My friend Claudia has totally put me on the spot. Which, to be perfectly honest, was a kick in the ass I probably needed.
She recently posted about venison. Venison that I acquired from my stepfather, and then delivered to her fridge after an appropriate hanging time. Her post basically forces me to write my post so you can see where she got her venison.
WARNING! The rest of this post contains graphic images of a deer carcass being butchered.
The first thing you notice when picking up a fresh deer carcass from a relative is how heavy they are. Whitetail doe average 140 to 160 lbs. It took two of us to haul the doe into the back of my truck, where she maintained the classic dead dear posture. Head thrown back, tongue hanging out.
A few things have to happen to "process" a dear. First you have to access the tendons of the legs so that you can suspend the body from a tree or some similarly high point.
I was advised that evisceration should be preformed head up. So I hoisted the carcass into the giant mulberry tree in the backyard, much to the delight of the dogs who sniffed the alien creature until shooed away but continued to watch with great interest in the entire process.
The third step is to actually make the incision. Heard the phrase "Stem to stern"? That's the cut I had to make. Carefully, so as to not damage the organs inside or pierce the stomach or intestines. Deer are ruminants. Meaning they have fermentation tanks for stomachs. Not a pleasant smell if breeched.
The viscera was caught by a recycling bin as it was trimmed out. Heart, liver and kidneys were set to the side for later use.
Step... um... The next step was to skin the carcass. This is the suckiest part of the whole process. You might think it was the gutting part, but you would be wrong. While gutting is fairly bloody and messy it is not particularly difficult. Skinning on the other hand is akin to opening a plastic bubble packed electronic device with a pair of blunt nosed safety scissors. You wind up with small cuts on your fingers from the plastic, longingly staring at the liquor cabinet at 11 in the morning. Mammal skin is designed to stay attached and it's slippery. By the end of the almost 2 hour long process my hands hurt from the cold and from gripping the skin tight enough to not have it slip through my fingers. The entire time I was thinking how all this work better be worth it.
Done. Sorta. The carcass has to hang, and age. Meat is the one case were freshness is not necessarily a virtue.
WARNING! Science content: Why hang/age meat?
Two things happen when you hang an animal to age. First, immediately after death, enzymes in the muscle tissue (proteases) start to break break down proteins in muscle tissue (proteolysis) causing the tissue to become tender. Second, moisture is lost due to exposure to the air. "Dry Aging" is the preferred method for most meat connoisseurs as opposed to "Wet Aging" where the meat is packed in a vacuum bag and is left to soak in the released fluids (blood). Wet aging leaves the meat all metallicky tasting. Gross. Sadly, most grocery store meat is wet aged.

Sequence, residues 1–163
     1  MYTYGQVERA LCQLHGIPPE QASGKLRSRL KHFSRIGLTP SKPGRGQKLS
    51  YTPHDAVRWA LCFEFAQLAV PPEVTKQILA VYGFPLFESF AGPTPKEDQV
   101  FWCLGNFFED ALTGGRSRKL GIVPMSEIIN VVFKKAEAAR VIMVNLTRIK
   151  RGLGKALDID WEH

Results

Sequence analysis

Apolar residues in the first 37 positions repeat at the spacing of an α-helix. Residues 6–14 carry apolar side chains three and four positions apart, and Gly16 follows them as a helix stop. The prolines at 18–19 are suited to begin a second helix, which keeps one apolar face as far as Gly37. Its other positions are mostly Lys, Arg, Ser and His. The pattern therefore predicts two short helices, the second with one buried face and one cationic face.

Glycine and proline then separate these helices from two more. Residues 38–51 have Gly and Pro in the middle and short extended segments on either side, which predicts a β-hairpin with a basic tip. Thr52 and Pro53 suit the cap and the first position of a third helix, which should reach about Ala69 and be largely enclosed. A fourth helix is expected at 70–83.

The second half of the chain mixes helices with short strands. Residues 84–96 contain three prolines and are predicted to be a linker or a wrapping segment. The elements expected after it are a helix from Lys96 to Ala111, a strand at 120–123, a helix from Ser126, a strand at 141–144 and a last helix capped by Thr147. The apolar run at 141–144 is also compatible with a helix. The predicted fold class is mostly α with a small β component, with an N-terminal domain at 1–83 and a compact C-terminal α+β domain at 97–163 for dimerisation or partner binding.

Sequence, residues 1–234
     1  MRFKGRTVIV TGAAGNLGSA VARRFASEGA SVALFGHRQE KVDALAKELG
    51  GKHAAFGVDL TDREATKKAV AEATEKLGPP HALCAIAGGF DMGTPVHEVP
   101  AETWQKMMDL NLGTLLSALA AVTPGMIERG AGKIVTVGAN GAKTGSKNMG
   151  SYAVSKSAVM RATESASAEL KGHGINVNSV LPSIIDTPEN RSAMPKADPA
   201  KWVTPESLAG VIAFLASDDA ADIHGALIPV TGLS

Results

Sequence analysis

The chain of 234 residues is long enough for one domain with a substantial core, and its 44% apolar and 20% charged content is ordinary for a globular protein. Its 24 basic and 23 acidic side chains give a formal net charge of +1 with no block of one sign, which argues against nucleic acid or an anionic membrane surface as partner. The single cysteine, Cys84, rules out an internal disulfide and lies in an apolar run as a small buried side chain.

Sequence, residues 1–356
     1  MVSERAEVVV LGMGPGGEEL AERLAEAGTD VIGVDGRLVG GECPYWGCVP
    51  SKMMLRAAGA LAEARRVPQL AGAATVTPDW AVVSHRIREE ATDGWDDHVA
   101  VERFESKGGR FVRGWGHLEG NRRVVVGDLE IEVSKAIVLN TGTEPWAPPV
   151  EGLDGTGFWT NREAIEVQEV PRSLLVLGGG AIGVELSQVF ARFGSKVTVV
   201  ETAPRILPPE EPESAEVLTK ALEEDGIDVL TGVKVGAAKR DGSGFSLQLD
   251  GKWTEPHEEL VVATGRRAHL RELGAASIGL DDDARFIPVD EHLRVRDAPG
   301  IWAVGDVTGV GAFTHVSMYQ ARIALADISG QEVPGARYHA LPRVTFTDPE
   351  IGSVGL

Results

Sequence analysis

The end result of aging/hanging is that the meat is more tender and typically more concentrated in flavor.
Seven days after all the joy that was skinning the doe I had this.
A carcass ready to be broken down. I used the basic butchering guide for a lamb as they are relatively similar. Plus the book I was referencing recommended it.
The rear cut was made first.
Then the front half of the carcass was boned out. (The visible mold was trimmed away)
Leaving lovely bones for stock. I removed the lower section of ribs on both sides. You might notice the dark red blood on the side of the carcass. That was were the bullet hit and dropped the deer where she stood. Brutal but ultimately painless death. She didn't know what hit her.
The hind quarters were next.
The tenderloins had been previously removed and gifted to Claudia. She made them amazing. This left me with the loins (backstrap) and the haunches.
The haunches are going to be used in an experiment in ham curing. (Future post) The majority of the meat left was converted into Sweet Italian sausage or vacuum sealed and frozen for later use (loins).
I am still trying to determine my like or dislike of the sausage. I am, as you might be aware, a pork guy and the texture of ground deer is quite different from pork. So the sausage is strange to me. Not really a flavor issue so much as texture. Whitetail deer is a sweeter flavored meat that pork, so that changed the flavor profile of the sausage a bit. Like I said I am still figuring out if I like it or not.
What I really did like, do like, continue to like, is the country pate that was made with the liver. But that is another post.
When my stepfather called me bright and early that Saturday morning asking if I was still interested in an entire deer, I jumped at the offer. When I got it home and ready to process I wasn't sure I could go through with it. After the first cut into the skin and belly I knew I would be fine. Waiting on the meat to age was just a matter of the occasional poke at the carcass and a sniff to make sure nothing was starting to "turn". I learned a lot during this ongoing process. I am grateful to my stepfather for the gift of the deer, and not to get all new agey or mystical I am grateful to the deer for her life. I hope to do right by her.
The most important thing I learned? Knowing where your food comes from and how much work is involved makes you appreciate the meals produced that much more.